There is an increasing pressure on university staff to provide ever more information and resources to students. This study investigated student opinions on (audio) podcasts and (video) vodcasts and how well they met requirements and aided learning processes. Two experiments within the Aston University looked at student opinion on, and usage of, podcasts and vodcasts for a selection of their psychology lectures. Recordings were produced first using a hand-held camcorder, and then using the in-house media department. WebCT was used to distribute the podcasts and vodcasts, attitude questionnaires were then circulated at two time points. Overall students indicated that podcasts and vodcasts were a beneficial addition resource for learning, particularly when used in conjunction with lecturers’ slides and as a tool for revision/assessment. The online material translated into students having increased understanding of the material, which supplemented and enhanced their learning without being a substitute for traditional lectures. There is scope for the provision of portable media files to become standard practice within higher education; integrating distance and online learning with traditional approaches to improve teaching and learning.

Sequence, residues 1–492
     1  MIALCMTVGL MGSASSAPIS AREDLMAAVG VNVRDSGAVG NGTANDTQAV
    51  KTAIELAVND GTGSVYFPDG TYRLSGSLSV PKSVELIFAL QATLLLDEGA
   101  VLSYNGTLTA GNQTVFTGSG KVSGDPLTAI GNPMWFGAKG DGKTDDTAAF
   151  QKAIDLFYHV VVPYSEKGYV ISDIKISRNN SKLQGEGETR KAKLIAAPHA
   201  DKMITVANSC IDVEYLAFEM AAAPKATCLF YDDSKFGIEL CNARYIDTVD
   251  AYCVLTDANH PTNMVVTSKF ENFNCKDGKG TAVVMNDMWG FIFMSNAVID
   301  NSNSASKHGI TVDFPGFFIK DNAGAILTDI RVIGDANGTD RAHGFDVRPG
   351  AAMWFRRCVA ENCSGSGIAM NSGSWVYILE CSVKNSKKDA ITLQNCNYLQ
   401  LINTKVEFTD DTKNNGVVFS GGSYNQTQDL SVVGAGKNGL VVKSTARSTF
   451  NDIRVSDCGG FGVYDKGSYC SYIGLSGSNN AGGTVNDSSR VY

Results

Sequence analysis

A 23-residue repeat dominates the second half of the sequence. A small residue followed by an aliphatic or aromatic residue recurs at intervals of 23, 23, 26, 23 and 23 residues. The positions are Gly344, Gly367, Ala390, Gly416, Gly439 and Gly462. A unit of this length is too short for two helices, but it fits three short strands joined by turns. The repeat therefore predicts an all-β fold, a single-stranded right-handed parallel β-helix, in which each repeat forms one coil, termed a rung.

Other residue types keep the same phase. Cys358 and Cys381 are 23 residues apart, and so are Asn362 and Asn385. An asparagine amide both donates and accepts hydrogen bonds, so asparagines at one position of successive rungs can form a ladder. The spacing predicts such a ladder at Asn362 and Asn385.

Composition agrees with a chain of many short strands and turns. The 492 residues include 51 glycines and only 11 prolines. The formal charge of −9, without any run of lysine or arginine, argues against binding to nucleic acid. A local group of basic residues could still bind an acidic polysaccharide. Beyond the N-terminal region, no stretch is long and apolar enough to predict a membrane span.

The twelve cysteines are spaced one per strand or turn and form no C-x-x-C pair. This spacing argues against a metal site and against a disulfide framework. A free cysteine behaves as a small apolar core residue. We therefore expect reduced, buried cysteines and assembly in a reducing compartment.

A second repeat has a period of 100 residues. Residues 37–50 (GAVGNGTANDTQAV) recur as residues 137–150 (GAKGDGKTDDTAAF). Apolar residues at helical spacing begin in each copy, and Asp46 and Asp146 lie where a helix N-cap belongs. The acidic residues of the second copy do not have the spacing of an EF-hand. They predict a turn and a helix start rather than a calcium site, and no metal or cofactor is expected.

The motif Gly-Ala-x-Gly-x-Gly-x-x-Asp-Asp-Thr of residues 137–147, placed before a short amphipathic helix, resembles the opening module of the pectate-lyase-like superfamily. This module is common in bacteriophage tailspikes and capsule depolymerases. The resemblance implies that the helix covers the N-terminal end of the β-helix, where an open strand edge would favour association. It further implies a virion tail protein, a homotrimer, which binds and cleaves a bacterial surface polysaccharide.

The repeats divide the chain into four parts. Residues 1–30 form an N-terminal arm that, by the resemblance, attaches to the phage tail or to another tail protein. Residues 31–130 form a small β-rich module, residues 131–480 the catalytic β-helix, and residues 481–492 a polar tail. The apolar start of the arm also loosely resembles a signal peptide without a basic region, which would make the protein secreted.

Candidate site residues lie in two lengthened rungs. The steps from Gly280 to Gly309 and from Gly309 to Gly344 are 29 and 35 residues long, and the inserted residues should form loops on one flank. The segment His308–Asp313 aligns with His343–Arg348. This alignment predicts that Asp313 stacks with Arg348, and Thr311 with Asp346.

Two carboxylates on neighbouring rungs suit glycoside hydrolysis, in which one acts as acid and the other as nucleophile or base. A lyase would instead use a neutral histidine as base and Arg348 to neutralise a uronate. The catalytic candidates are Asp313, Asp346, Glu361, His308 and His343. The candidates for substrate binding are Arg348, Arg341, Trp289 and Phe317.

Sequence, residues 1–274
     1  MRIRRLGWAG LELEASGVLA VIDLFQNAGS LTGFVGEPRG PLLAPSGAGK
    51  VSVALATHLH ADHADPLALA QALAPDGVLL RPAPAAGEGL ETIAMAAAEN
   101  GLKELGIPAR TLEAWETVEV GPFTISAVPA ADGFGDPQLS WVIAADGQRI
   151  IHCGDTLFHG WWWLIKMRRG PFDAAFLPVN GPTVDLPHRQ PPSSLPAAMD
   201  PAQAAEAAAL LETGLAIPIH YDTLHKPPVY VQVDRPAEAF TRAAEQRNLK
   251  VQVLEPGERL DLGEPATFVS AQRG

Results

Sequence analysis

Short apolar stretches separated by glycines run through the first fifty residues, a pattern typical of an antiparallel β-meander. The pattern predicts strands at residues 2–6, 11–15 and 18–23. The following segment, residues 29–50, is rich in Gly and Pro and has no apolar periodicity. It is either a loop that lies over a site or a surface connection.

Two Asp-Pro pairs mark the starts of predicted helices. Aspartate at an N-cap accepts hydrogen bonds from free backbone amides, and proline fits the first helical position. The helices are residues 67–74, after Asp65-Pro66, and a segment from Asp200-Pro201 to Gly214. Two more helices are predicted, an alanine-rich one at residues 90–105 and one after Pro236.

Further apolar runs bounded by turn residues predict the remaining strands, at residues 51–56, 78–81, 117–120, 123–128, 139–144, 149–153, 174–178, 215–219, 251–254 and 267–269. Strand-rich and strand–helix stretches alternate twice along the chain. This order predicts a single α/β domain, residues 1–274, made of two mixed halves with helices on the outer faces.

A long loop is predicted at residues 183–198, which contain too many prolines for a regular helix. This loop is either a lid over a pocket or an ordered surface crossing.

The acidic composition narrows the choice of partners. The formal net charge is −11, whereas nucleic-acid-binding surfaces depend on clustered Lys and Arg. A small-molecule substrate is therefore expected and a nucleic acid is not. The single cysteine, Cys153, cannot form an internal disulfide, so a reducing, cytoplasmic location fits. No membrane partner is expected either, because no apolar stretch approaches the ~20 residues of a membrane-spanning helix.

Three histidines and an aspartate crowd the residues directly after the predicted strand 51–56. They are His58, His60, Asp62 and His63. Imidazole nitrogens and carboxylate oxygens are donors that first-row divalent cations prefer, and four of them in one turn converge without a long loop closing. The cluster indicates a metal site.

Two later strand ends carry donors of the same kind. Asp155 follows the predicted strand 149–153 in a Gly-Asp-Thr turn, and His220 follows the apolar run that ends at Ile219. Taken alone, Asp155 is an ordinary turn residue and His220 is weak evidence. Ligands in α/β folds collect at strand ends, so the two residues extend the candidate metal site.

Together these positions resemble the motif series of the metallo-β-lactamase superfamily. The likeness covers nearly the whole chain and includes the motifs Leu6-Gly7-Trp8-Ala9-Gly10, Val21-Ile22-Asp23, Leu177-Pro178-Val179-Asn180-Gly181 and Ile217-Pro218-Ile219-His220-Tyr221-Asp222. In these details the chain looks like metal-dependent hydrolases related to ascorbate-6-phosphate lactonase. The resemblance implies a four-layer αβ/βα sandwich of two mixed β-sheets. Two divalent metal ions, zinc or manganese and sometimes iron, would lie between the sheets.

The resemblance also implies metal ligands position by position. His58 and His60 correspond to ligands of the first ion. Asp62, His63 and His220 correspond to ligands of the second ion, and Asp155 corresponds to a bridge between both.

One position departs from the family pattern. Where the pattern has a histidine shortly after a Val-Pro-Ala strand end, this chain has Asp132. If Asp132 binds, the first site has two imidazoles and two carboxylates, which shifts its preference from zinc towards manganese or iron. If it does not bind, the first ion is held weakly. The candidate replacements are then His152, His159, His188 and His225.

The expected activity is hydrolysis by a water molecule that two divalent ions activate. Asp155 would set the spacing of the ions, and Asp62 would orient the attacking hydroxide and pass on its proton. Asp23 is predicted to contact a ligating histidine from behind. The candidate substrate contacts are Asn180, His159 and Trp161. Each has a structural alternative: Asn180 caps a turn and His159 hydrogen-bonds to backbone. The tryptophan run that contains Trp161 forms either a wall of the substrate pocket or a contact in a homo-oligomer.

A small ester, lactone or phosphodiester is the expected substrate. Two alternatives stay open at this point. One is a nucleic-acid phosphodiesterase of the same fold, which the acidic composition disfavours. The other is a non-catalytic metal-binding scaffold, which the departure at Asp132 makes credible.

Parson, V., Reddy, P., Wood, J., & Senior, C. (2009). Educating the iPod generation: undergraduate attitudes, experiences and knowledge of vodcast and podcast use. Learning, Media and Technology, 34(3), 215-228. https://doi.org/10.1080/17439880903141497